Is "4G" the same as "LTE"? What's the verb form of "Twitter"? And how do you pronounce "GIF"? <p> Technology is full of odd terms that often are arbitrary. And though new technologies quickly emerge, grammar and syntax rules for such terms can be slower to emerge. <p> Here are 10 of the most awkward and confusing terms in modern tech and the best advice on how to use them.
Tech cognoscenti may sneer when they hear old folks say that someone was "twittering." Bah, they say, the correct verb form is "tweet." <p> That depends on what you are doing, said Twitter CEO Dick Costolo in a March 2013 interview. He uses "twitter" to mean simply reading posts and "tweet" to mean posting something. "You can … use Twitter and never tweet," he said, as more than 40 percent of Twitter's core, active users already do. Costolo expects the majority of Twitter users to soon be "consumers" who read (i.e. "twitter"), but never tweet.
This is a doozy. <p> "Login" (noun) means your username and password — say, what you type in to access Facebook. "Log in" (verb) is the act of entering the username and password. For example, "I log in to Facebook with my login." <p> "Log on" is essentially the same as "log in." People often say they "log on" to a website. But unless that site requires a username and password (a login),they aren't really logging on — just visiting. The noun "logon" is a less-common way of saying "login."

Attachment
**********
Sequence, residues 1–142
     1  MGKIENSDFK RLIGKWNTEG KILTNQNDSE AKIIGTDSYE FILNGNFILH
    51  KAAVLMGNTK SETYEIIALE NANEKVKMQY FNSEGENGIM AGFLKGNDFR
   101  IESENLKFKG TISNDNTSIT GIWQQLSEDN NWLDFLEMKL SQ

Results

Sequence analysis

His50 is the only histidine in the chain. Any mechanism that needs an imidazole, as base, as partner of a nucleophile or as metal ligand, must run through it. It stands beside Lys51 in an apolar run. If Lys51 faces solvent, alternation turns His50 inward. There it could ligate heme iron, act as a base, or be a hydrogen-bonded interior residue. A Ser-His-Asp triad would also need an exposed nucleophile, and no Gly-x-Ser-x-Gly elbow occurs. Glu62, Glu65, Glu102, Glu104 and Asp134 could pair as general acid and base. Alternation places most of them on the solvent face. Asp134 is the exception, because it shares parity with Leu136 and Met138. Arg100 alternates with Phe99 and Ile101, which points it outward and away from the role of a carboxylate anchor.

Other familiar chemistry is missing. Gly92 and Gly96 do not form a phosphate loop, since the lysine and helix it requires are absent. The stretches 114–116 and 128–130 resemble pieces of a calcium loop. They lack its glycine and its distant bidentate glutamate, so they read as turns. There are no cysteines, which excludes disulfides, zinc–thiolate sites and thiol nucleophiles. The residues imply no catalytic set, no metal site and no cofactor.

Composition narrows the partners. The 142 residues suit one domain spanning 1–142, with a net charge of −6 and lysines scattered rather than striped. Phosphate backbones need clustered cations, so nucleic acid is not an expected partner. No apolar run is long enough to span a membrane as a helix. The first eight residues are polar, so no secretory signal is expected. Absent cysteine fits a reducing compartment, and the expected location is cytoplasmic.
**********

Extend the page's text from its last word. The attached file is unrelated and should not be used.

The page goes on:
The graphical interchange format (GIF) image file, invented in 1987, has gained new fame as a way to publish short, looping videos (known as animated GIFs). Tumblr blogs have led an explosion of animated GIFs, for everything from silly clips at celebrity award ceremonies to videos on the White House's official Tumblr. <p> That White House blog specifies "Animated GIFs (hard 'G')." The leader of the free world is a high authority. But even higher is the creator of the format, Steve Wilhite, who takes umbrage with anyone using the hard "G" sound, including the Oxford English Dictionary. In a 2013 interview with The New York Times, Wilhite said "The Oxford English Dictionary accepts both pronunciations … They are wrong. It is a soft 'G,' pronounced 'jif.' End of story.'